The grow light burned his plants, wasted electricity, and jacked up the air conditioning bills. He ended up having to buy a 600-watt LED.
Yet another issue arose because he thought he could get away with using tap water or rainwater instead of spending money on a reverse osmosis (RO) filtration unit.
Most forms of unfiltered water contain unacceptably high levels of minerals and/or other contaminants that are bad for cannabis plants and can also sabotage hydroponic feeding programs and/or root zone pH. Reverse osmosis removes all materials from the feed water, giving the grower a pure foundation to dose nutrients into.
Reverse osmosis filtration works best when the whole-house water is pre-filtered using a water softener. Installing RO by itself may reduce water contamination to the zero parts per million ideal for marijuana watering, but without whole-house water filtration, the RO unit has to work ten times as hard. You have to replace expensive filters way too frequently, and much water is wasted.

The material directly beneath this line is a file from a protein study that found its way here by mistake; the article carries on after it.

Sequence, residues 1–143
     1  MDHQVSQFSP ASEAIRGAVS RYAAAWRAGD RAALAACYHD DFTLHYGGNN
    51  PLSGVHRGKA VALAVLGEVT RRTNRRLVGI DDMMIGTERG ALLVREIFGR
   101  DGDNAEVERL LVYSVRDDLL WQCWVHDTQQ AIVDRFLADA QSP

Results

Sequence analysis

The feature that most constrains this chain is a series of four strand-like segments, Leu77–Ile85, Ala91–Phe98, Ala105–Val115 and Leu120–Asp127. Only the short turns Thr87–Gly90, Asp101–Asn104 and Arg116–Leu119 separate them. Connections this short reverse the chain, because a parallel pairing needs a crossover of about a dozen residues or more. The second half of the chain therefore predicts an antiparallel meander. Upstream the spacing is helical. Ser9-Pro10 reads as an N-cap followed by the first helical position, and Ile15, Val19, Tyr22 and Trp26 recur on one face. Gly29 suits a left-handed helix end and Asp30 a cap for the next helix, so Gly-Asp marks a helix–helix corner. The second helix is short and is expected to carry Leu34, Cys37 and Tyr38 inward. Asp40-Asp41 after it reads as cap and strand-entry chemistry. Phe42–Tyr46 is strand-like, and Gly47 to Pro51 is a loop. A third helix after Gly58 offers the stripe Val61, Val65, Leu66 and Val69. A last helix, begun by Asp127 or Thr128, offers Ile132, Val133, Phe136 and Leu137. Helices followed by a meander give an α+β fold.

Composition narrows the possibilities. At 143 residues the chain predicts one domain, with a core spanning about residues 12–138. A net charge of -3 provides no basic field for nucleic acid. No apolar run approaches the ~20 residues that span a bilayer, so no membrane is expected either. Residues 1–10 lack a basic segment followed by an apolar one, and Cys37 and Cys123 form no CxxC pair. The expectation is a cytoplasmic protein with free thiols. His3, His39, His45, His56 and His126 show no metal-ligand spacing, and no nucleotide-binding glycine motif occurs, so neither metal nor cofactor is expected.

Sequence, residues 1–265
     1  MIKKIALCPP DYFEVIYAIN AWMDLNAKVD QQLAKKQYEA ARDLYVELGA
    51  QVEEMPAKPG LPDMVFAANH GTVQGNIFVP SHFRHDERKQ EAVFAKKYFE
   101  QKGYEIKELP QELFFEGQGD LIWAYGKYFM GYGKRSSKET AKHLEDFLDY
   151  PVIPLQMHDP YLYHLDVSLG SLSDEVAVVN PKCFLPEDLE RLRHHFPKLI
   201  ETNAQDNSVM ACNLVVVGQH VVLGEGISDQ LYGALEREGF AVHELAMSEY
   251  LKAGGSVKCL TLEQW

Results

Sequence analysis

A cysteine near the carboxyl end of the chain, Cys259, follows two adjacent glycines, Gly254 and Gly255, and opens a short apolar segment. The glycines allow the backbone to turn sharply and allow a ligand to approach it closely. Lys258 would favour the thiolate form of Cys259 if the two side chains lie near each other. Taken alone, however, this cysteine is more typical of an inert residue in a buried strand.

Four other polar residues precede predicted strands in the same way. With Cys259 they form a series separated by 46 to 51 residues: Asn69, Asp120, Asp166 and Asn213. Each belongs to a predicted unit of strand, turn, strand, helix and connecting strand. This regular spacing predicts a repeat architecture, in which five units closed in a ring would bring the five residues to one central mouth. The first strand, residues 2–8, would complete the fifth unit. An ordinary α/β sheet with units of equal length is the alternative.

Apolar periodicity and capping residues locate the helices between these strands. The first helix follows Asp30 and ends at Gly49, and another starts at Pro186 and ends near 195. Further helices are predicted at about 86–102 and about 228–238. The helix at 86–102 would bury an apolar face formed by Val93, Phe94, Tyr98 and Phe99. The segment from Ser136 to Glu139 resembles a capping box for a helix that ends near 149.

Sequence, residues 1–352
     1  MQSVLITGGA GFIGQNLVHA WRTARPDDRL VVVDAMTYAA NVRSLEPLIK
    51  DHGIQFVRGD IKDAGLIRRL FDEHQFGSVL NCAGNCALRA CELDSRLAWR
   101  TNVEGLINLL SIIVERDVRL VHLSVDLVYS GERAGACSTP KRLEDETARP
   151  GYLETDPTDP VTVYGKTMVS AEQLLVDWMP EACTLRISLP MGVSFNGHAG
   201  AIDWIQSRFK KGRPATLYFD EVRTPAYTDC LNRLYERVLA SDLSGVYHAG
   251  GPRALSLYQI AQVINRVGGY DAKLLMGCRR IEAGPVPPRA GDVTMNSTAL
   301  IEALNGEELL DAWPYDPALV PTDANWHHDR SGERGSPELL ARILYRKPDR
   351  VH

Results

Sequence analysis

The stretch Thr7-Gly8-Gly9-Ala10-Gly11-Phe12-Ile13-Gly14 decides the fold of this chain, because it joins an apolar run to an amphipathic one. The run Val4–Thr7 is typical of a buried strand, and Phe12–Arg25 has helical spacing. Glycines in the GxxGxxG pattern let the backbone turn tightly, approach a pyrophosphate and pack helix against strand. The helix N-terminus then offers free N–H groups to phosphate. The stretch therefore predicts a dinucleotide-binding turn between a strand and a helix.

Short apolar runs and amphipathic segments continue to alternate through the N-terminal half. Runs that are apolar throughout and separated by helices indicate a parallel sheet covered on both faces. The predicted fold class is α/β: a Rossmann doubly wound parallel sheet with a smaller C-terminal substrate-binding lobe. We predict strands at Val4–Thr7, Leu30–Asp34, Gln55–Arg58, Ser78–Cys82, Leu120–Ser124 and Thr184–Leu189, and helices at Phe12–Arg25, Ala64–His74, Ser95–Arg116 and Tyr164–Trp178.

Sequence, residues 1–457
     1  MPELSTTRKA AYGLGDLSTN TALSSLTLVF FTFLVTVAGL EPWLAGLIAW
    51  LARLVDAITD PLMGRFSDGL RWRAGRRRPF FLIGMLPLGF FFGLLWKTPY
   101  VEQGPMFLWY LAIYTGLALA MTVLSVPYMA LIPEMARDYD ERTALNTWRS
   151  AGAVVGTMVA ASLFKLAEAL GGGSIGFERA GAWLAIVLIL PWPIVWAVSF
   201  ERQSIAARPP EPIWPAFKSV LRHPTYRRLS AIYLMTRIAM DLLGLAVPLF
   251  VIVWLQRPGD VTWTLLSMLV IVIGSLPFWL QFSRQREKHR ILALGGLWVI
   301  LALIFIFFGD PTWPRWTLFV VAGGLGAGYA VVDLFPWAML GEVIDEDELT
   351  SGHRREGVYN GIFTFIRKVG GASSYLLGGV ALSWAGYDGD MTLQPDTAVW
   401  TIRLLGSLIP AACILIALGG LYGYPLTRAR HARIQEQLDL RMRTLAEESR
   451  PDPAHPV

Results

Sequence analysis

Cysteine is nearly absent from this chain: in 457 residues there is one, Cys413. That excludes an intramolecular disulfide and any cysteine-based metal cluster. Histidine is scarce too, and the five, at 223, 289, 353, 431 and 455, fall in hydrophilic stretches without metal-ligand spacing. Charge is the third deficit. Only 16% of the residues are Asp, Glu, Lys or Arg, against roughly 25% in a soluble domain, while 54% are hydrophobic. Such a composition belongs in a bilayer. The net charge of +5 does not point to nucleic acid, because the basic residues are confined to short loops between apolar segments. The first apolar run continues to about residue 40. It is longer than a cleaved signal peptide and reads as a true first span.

The novice grower ended up getting whole-house and RO filtration. The side benefit is that whole-house water filtration gets rid of chlorine, minerals and other contaminants that harm people, plumbing and appliances such as water heaters.
The new grower also erred in his selection of nutrients. He kind of set himself up for this error by choosing to grow in unamended soil. It’s hard to find nutrients that work well in soil because soil may have chemical and physical properties that interfere with nutrients absorption.
Peat-based soil mixes have problems because peat tends to pack down, compress and waterlog, especially if the grower is overwatering.